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The Order of Oddfish


90-Second Newbery: Animation Edition!

Even though the deadline is January 10, the entries are already really starting to roll in for 2016’s FIFTH ANNUAL 90-Second Newbery Film Festival! Today I’d like to highlight two recent standout entries that happen to be animated.

The movie above is an adaptation of Virginia Hamilton’s 1989 Newbery Honor Book In The Beginning: Creation Stories from Around the World. It’s by an old friend of the film festival, a certain Ignis Draco, a.k.a. Tristan Stephan from Minnesota who back in 2011 had submitted a a great animated 90-Second Newbery of Neil Gaiman’s The Graveyard Book. I met him in person when the film festival came to Minnesota last year, and found him as delightful in person as he has been by electronic correspondence. That’s probably my favorite thing about running this film festival—the chance to meet awesome creative people all over the country.

As for the movie: it’s hilarious and ingenious! All the puppets are beautifully drawn and intricately articulated. There’s great attention to detail, like the hilarious way Odin kicks Ymir’s head straight off, the cheeky repetition of “Yeah, that’s what could have happened, but what about this other story?”, the use of music from the notoriously multiple-ending movie “Clue,” and the way the Egyptian episode is unveiled with papyrus unscrolling, how Ymir reappears at the end . . . and the Big Bang at the end-of-the-end! I also appreciate that it’s an adaptation of one of the more obscure Newbery honorees. Amazing job, Tristan!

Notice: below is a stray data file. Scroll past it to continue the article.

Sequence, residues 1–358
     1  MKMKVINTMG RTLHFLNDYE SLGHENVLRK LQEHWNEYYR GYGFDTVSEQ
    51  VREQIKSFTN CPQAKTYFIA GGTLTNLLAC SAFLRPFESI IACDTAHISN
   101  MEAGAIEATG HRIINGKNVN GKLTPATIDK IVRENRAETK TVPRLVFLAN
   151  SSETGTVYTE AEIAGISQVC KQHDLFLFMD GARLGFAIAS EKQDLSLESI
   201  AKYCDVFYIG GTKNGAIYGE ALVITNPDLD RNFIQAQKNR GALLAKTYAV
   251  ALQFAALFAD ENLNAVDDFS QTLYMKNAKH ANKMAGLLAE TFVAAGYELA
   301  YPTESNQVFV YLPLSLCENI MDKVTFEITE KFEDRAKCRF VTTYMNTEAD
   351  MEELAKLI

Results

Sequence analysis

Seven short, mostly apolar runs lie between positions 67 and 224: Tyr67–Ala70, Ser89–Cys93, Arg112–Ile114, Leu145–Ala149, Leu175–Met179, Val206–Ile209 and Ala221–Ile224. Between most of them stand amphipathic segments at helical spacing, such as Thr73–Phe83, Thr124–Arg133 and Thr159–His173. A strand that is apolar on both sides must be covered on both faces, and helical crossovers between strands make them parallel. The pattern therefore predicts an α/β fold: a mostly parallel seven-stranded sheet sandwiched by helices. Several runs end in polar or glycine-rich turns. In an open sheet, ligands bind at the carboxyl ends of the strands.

The other animated 90-Second Newbery I’d like to share today is of the vignette “The Garden” from Arnold Lobel’s 1973 Honor Book Frog and Toad Together, as adapted by Devin Grover from Canandaigua, New York.

Devin (who is also an actor!) made this at the Animatus Studio in Rochester, New York. And his stop-motion claymation work here is outstanding! Not only is it a tight script with great acting, I love the antsy style he used: so many little motions, blinking and fidgeting and gesturing! (I especially liked the believable, totally-in-character way Toad was tapping his foot and then jumping up and down when he was impatient for the plants to grow.) Such attention to detail, especially the lushly-drawn backdrops. Good choices for the background music and the twitter of the birds. And of course the vocal performances of both Frog and Toad were a delight!